'Staff Were Left On Their Own': Panel Continues Probe Into Holyoke Soldiers' Home COVID-19 Outbreak
A Massachusetts legislative oversight committee met Thursday as it looks into the deadly COVID-19 outbreak at the Holyoke Soldiers' Home. One main topic was whether staffing contributed to the deaths of at least 76 veterans at the state-run facility.
Massachusetts Health and Human Services Secretary Marylou Sudders told the committee a staffing study had already been underway at the Soldiers' Home, prompted by earlier management-staff issues.
State Representative Linda Dean Campbell of Methuen, who co-chairs the committee, asked Sudders if the staffing challenges contributed to the outbreak.
"I think more fundamentally — more fundamental — is that there wasn't the internal processes — clinical, management and operations — to withstand a pandemic," Sudders said.
Sudders also told lawmakers that many other nursing homes in Massachusetts, including the other state-run soldiers' home in Chelsea, faced pandemic threats — but were not hit as hard because "their internal structures didn't collapse."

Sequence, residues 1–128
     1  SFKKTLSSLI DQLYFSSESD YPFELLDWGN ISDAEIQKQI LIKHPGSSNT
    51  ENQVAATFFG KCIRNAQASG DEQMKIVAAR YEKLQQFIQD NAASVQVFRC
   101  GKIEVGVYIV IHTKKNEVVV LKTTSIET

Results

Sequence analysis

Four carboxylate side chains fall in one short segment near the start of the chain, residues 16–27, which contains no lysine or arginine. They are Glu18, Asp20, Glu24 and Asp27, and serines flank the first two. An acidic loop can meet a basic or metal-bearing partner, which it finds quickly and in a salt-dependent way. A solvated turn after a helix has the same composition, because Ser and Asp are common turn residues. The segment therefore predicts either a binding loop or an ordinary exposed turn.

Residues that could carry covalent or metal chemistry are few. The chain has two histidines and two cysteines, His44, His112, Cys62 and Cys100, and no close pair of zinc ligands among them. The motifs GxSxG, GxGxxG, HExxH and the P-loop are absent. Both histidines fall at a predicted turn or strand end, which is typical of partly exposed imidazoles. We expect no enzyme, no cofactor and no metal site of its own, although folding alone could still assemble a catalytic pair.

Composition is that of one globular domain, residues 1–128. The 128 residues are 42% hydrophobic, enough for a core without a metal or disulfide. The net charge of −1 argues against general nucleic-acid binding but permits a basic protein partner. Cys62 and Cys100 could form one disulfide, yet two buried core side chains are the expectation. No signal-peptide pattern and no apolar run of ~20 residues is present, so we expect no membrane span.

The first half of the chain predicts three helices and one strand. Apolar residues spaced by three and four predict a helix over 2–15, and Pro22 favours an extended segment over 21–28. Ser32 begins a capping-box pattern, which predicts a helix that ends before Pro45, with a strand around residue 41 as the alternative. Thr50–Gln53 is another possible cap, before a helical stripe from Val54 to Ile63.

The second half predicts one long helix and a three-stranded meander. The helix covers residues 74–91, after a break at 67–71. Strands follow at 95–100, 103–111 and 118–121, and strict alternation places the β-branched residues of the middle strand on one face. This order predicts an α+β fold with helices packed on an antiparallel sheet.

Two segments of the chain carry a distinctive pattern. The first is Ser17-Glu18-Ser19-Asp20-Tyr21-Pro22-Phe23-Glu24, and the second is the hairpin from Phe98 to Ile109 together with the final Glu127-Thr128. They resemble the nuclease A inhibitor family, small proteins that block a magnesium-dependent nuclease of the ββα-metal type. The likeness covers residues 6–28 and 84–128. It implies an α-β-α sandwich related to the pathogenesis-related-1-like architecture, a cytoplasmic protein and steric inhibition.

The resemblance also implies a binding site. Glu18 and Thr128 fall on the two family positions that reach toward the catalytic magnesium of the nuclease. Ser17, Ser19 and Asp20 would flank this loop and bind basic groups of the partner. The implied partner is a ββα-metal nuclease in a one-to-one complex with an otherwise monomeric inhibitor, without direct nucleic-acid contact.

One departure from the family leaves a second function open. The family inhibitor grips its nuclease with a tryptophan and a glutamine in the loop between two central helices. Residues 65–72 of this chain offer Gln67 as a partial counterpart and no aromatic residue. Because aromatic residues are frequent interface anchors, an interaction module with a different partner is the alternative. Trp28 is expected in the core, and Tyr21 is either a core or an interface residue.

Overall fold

"What happened at Holyoke, from my read of everything, was a complete collapse because it didn't exist," Sudders told the committee. "So staff were left on their own to come up with responses. We left staff on the front lines without the clinical and management oversight and support to manage through a pandemic."
Sudders also told lawmakers the Holyoke Soldiers' Home needs to be replaced. She outlined potential steps to do so.
Lawmakers are waiting to enact reforms sought by Gov. Charlie Baker until after the panel completes its investigation, which is one of several independent probes into the outbreak.
This report includes information from State House News Service.